Two Sides’ main reasons for challenging “Go Paperless – Save Trees” claims are:
  • They do not meet guidelines for environmental marketing established by the U.S. Federal Trade Commission (FTC) and the Competition Bureau of Canada.
  • They are damaging to the North American economy and threaten jobs.   In the U.S. alone, a total of 8.4 million jobs that generate $1.3 trillion in sales revenue depend on the U.S. mailing industry, which includes paper production, printing production, related suppliers, graphic design and the handling and distribution of mail (Envelope Manufacturers Association, 2013).
  • The income landowners receive for trees grown on their land is an important incentive to maintain, sustainably manage and renew this valuable resource. If the market for their wood products is lost, there is little incentive for owners to maintain their forest land (which is then sold to developers and converted to non-forest use).  
  • Print on paper originates from a renewable resource – trees grown in responsibly managed North American forests, is recyclable, and is the most recycled commodity with recovery rates of 63% or higher (American Forest & Paper Association, 2014). 
  • In North America, we grow more trees than we harvest.  Over the last six decades, total net U.S. forest area has increased by over 3% and the net volume of trees on timberland has increased by 58% (U.S. Forest Service, 2012).  In Canada, the forest cover has remained stable over the last two decades and harvest has been 44% of annual growth (Conference Board of Canada, 2014).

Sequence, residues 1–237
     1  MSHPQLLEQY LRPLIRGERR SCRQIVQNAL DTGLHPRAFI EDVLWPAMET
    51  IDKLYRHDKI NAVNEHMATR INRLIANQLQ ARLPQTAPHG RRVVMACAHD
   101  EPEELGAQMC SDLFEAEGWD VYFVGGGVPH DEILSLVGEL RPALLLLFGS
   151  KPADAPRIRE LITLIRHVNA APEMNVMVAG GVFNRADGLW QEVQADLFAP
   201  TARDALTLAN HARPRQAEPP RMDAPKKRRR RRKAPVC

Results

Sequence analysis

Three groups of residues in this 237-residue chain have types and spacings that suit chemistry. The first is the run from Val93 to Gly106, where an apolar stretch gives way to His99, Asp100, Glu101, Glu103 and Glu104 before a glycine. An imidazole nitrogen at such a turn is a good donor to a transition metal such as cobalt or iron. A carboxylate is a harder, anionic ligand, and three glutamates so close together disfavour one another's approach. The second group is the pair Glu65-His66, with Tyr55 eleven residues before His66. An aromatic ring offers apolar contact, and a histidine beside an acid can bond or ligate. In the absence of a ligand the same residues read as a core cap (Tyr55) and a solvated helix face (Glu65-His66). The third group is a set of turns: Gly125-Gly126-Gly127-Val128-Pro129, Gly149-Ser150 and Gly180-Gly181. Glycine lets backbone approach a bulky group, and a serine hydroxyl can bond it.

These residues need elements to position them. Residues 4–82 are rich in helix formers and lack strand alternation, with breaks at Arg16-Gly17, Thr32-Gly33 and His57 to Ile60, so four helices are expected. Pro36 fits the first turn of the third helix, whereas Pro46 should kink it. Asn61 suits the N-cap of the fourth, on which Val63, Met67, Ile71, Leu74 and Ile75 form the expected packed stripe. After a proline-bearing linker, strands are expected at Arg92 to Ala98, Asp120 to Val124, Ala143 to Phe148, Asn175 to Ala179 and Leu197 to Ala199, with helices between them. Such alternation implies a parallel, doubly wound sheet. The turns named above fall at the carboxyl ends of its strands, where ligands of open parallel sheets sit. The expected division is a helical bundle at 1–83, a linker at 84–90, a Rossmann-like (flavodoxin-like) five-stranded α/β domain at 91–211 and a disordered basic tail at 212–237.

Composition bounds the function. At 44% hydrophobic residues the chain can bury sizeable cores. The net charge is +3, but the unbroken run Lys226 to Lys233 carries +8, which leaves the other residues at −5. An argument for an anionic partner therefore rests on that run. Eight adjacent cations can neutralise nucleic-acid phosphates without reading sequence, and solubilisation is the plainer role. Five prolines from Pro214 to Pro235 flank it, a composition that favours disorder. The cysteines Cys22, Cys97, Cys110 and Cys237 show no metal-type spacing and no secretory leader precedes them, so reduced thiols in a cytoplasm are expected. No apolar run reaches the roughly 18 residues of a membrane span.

• The environmental and social impacts of switching from paper to e-media are not properly or adequately considered - and they are far from negligible.  The trade‐off between the two platforms depends on conditions such as use frequency, source of energy, and end‐of‐life management of the products (P. Arnfalk, 2010).
  • Consumer surveys found that 50% or more of U.S. respondents don’t believe, feel misled or question “Go Paperless – Save Trees” claims, and that over 80% agreed that e-billing and e-statements are being promoted to save costs (Toluna and Two Sides, 2013).
 To read the rest of the story click here.

Wednesday, November 5, 2014

2014 Tax Tips for Forest Landowners Released

Linda Wang, National Timber Tax Specialist with the U.S. Forest Service has released her 2014 Tax Tips for Forest Landowners for the 2014 Tax Year.  This is a very helpful quick sheet that is produced annually.  Clear examples are provided for such things as timber property, basis, sales, and management expenses as well as reforestation expenses, cost-share payments, and timber casualty and theft losses.  For all your timber taxation questions go to the National Timber Tax Website located at

Tax laws on timber transactions are very specialized knowledge that are not commonly known. Yet they are important to timber owners in terms of the ongoing cost of owning and managing timber, forest stewardship and compliance to the tax law. This bulletin reviews the major federal income tax laws to help forest owners in filing their 2014 income tax returns. The information presented here is current as of September 30, 2014.

For the full tip sheet click here.